Hong Kong Med J 2007;13:421-6 | Number 6, December 2007
The prevalence of cardiovascular risk factors in male patients who have lower urinary tract symptoms
CF Ng, A Wong, ML Li, SY Chan, SK Mak, WS Wong
Division of Urology, Department of Surgery, The Chinese University of Hong Kong, Prince of Wales Hospital, Shatin, Hong Kong
OBJECTIVES. To assess the prevalence of cardiovascular risk factors in men presenting with lower urinary tract symptoms, and their possible correlation with the severity of such symptoms.
DESIGN. Retrospective cohort study.
SETTING. Specialty clinic, Hong Kong.
PATIENTS. A total of 617 men presenting with lower urinary tract symptoms between April 2005 and October 2006.
MAIN OUTCOME MEASURES. Presence of cardiovascular risk factors inferred from the prior and current medical and social history as well as physical examination and investigative findings, among patients with International Prostatic Symptom Scores of different severity.
RESULTS. Of 617 patients, 268 (43%) had known hypertension and 318 (52%) had a history of smoking. According to the World Health Organization criteria for Asian populations, 396 (64%) patients were considered to be overweight (body mass index > or =23 kg/m(2)). A total of 178 (29%) patients were either known to have or were diagnosed to have dysglycaemia during workup. For dyslipidaemia and hyperuricaemia, the corresponding figures were 331 (54%) and 191 (31%). In total, 264 (43%) patients were newly diagnosed as having dysglycaemia, dyslipidaemia, or hyperuricaemia. Logistic regression indicated that only hyperuricaemia and a smoking history were significant predictors of moderate-to-severe lower urinary tract symptoms (International Prostatic Symptom Score > or =8), with respective adjusted odds ratios of 2.20 (95% confidence interval, 1.12-4.31; P=0.022) and 2.11 (1.24-3.57, P=0.006). Patients with moderate-to-severe International Prostatic Symptom Scores had a statistically higher chance of having at least one cardiovascular risk factor during assessment (P=0.001).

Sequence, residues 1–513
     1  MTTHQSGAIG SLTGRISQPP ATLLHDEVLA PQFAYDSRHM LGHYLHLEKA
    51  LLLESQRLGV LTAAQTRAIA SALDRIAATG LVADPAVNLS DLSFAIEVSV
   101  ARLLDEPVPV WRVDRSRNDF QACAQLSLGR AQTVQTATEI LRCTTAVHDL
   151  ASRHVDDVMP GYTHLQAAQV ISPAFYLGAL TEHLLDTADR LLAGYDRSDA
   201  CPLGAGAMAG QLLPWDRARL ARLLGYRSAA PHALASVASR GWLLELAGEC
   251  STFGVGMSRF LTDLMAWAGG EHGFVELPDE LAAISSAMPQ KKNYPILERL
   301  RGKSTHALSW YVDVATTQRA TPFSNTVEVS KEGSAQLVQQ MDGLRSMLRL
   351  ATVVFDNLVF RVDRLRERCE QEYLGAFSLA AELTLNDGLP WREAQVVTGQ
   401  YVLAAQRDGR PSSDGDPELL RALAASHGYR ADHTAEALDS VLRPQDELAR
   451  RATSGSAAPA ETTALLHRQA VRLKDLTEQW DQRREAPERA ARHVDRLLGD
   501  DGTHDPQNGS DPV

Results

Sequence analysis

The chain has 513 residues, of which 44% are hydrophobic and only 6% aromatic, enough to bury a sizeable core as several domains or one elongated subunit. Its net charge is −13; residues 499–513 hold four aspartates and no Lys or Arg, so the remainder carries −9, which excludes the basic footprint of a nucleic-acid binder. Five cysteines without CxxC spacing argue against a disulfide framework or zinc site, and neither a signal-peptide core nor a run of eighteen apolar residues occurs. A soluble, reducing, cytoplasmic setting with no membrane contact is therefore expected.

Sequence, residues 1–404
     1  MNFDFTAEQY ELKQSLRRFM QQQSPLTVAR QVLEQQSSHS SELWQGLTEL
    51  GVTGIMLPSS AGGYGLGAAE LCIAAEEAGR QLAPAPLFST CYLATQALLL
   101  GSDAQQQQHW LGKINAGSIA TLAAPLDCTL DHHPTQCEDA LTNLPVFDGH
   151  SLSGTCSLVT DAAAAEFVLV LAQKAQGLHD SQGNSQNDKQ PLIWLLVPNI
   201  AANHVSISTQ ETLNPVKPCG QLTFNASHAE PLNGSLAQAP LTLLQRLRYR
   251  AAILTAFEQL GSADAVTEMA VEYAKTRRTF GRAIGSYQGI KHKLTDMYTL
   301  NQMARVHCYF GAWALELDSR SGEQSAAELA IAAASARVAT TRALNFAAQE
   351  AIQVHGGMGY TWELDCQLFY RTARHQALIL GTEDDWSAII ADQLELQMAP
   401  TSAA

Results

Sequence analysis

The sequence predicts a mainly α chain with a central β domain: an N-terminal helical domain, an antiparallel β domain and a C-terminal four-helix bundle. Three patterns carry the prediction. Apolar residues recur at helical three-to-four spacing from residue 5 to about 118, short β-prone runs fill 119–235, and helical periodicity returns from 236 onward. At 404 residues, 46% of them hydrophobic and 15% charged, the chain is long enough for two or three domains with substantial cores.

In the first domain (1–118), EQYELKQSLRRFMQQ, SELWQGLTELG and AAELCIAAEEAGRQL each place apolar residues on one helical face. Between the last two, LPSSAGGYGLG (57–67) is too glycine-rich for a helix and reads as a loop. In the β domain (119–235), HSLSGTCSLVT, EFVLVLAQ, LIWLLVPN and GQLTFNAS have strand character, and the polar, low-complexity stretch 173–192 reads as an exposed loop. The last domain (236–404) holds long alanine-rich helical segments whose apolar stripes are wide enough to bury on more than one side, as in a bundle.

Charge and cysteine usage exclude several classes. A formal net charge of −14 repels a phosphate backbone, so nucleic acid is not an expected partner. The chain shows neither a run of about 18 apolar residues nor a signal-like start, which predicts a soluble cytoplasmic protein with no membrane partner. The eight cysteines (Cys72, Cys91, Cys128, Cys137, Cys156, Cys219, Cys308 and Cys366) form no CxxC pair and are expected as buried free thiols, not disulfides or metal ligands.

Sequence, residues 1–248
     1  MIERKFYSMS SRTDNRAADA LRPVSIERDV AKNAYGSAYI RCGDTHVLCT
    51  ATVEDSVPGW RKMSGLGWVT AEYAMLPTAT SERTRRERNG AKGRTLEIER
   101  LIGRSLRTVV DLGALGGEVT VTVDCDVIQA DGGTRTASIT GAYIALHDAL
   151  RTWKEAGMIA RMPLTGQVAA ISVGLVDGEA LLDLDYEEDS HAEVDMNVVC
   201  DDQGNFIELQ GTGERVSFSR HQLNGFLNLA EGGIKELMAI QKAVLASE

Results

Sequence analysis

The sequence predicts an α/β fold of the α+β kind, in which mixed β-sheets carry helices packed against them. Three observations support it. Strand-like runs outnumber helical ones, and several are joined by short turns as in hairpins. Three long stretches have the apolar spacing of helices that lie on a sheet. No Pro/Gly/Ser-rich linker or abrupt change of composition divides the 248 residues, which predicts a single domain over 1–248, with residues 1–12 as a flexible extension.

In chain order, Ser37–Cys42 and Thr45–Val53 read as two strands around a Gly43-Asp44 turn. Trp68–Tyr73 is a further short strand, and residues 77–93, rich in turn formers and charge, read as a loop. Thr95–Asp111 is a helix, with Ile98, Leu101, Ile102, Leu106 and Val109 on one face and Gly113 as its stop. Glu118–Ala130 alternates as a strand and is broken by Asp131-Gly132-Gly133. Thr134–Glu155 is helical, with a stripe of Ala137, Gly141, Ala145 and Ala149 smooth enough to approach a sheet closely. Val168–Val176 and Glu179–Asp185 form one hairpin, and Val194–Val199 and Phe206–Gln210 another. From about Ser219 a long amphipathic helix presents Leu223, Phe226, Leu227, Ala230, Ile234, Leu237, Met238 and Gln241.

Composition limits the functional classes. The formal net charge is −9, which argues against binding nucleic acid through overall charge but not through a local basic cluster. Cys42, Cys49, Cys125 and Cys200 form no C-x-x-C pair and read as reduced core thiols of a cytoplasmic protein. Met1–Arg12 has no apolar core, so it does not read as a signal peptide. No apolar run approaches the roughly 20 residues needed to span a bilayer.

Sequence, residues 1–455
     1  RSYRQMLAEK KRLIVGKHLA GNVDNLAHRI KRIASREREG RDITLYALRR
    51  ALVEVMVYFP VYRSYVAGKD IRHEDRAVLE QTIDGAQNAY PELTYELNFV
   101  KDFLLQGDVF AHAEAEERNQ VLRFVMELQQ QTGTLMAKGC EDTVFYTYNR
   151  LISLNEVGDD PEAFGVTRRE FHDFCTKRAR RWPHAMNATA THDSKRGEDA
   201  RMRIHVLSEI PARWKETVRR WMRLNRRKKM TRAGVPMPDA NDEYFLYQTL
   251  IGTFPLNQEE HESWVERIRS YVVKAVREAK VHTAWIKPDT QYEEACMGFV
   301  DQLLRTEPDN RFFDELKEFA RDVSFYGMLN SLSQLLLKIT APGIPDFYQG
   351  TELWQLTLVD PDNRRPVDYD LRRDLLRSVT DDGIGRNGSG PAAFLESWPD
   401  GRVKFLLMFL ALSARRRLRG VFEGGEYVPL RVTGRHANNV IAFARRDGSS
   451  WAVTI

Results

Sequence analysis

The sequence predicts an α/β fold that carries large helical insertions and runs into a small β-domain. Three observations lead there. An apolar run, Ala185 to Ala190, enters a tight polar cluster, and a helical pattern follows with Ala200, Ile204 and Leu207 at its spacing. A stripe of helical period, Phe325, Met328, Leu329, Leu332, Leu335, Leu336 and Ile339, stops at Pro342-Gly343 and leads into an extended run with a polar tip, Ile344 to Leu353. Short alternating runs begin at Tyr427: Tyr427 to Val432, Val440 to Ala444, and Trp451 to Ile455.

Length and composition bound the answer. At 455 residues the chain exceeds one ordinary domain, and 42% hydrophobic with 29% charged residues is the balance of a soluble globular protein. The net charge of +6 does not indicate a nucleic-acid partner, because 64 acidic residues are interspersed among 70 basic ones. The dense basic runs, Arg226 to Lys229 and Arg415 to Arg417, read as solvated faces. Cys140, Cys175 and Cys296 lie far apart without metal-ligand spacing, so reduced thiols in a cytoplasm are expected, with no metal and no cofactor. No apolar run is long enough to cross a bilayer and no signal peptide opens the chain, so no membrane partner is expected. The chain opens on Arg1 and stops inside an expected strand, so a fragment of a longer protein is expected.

CONCLUSIONS. Cardiovascular risk factors were prevalent in male patients who had lower urinary tract symptoms; a large portion of these cardiovascular risk factors were not recognised until their urological consultations. Patients with moderate-to-severe lower urinary tract symptoms (International Prostatic Symptom Score > or =8) had statistically higher chances of having more cardiovascular risk factors.
Key words: Cardiovascular diseases; Hyperuricemia; Smoking; Urinary tract infections
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